Advertisers back away from NBA's LA Clippers

NEW YORK

Advertisers are backing away from the Los Angeles Clippers after racist comments attributed to the NBA team's owner.

Used car dealership chain CarMax, airline Virgin America and the Chumash Casino Resort said Monday that they are ending their sponsorships of the Clippers in the wake of comments allegedly made by the team's owner, Donald Sterling.

Two other sponsors, Kia Motors America and Red Bull, said they are suspending their advertising and sponsorship activities with the team. Another sponsor, insurer State Farm, said it "will be taking a pause in our relationship with the organization."

The incident highlights the risks that companies face when they make sponsorship deals. The deals can bring goodwill when things are going well, but brands can find themselves in a tough spot when they link themselves with teams or athletes that become mired in controversy. Advertising experts say that once the bad news is out there, a negative association could have already been made in the eyes of consumers.

Allen Adamson, managing director of the research firm Landor Associates, said there's little benefit for brands to stick with their sponsorship deals in this instance.

"There's some benefit in moving quickly," he said. "You can always renew your sponsorship later, but the longer you're linking your brand to a brand in trouble, the higher the risk."

Paul Swangard, managing director at Warsaw Sports Marketing Center at the University of Oregon, said sponsorships such as CarMax and Virgin America can be worth hundreds of thousands of dollars to millions, depending on terms of the deal. He said many brands might be waiting to see what happens at the NBA's news conference today.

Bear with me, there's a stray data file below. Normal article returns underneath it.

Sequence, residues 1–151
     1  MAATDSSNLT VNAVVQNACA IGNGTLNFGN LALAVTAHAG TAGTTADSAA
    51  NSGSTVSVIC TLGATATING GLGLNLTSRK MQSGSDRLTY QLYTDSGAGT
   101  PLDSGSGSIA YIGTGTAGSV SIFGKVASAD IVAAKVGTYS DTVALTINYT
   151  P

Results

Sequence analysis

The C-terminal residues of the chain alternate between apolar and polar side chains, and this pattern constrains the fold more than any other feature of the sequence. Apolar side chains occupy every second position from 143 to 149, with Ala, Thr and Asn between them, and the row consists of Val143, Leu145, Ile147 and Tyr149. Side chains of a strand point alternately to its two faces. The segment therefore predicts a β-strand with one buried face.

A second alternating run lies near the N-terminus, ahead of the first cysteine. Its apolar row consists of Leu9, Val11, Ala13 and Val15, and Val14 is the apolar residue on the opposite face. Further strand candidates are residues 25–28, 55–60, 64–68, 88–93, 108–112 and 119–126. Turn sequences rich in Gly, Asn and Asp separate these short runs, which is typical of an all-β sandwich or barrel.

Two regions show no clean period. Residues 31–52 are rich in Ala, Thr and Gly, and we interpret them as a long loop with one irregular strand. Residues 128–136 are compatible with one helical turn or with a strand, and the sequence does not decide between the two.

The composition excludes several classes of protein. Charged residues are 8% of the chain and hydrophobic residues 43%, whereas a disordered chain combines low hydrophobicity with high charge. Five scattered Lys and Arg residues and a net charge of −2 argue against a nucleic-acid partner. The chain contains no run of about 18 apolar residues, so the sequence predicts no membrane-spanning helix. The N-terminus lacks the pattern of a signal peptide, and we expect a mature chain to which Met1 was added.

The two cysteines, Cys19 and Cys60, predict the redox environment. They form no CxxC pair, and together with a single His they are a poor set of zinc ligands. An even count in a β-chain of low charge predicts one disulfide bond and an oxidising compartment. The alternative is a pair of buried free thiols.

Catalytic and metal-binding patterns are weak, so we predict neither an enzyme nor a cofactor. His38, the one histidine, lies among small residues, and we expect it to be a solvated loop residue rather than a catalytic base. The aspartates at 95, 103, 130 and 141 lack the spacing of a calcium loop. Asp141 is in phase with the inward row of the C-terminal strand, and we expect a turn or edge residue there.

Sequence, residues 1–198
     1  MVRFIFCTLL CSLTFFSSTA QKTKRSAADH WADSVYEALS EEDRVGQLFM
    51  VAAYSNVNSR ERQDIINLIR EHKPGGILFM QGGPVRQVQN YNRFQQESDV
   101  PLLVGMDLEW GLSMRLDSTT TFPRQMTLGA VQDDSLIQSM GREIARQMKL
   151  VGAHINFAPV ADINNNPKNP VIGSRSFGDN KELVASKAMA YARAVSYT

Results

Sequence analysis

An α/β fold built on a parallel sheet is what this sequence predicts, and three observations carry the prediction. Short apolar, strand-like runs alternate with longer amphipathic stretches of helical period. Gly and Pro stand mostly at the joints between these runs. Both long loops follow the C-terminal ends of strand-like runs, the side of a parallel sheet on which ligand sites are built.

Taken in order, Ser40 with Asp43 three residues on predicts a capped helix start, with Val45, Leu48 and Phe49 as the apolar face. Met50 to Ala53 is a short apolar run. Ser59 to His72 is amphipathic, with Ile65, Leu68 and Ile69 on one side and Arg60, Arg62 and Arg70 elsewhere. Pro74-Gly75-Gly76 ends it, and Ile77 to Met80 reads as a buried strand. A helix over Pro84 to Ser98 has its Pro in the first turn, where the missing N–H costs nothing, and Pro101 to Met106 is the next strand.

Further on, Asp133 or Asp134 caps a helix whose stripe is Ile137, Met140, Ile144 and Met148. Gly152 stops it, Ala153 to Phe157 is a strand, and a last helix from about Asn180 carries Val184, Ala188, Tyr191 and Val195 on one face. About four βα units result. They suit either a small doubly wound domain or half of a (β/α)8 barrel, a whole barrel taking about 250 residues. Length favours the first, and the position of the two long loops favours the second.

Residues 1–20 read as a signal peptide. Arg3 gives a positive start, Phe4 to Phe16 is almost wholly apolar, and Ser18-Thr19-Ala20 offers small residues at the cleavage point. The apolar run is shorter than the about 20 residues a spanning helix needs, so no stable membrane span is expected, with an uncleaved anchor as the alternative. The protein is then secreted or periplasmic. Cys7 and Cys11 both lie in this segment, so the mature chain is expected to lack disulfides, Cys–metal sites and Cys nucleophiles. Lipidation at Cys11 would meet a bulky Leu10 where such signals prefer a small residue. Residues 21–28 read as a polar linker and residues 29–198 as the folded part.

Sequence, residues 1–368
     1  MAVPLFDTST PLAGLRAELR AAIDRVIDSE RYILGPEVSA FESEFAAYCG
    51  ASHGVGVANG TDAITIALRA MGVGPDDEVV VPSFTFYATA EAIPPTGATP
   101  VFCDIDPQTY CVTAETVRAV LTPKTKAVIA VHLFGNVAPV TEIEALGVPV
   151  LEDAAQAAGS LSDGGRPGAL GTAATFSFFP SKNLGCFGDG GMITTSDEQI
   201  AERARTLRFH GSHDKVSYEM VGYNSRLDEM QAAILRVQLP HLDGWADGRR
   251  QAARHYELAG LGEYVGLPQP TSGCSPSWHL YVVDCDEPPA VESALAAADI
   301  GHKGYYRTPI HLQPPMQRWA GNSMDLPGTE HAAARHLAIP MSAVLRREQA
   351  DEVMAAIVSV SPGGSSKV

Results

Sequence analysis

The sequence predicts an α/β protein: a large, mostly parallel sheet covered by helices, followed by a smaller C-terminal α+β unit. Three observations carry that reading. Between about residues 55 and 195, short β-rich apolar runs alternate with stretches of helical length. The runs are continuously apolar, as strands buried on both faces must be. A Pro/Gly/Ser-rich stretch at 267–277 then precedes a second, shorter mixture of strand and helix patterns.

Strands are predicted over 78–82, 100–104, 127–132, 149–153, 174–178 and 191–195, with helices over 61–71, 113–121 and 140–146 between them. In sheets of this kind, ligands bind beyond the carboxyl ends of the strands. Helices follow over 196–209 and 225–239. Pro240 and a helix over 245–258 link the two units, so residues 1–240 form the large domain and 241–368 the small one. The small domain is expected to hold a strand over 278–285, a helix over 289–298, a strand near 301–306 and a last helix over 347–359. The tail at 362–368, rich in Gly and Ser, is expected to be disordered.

"The early indication is that this could be incredibly damaging to the franchise if things aren't dealt with quickly," he said

This isn't the first time companies have had to consider whether to keep a sponsorship deal after a controversy erupts. Nike and other sponsors dropped disgraced cyclist Lance Armstrong after his doping scandal. But many sponsors stood by golfer Tiger Woods after he acknowledged infidelities and went to rehab for sex addiction.

Sterling has come under fire for comments he is alleged to have made in a recorded conversation with a woman. Portions of that conversation were released over the weekend by TMZ and Deadspin, leading to a national outcry. The NBA is planning a news conference today on its investigation into Sterling.

Advertisers back away from NBA's LA Clippers 04/28/14 [Last modified: Monday, April 28, 2014 10:57pm]

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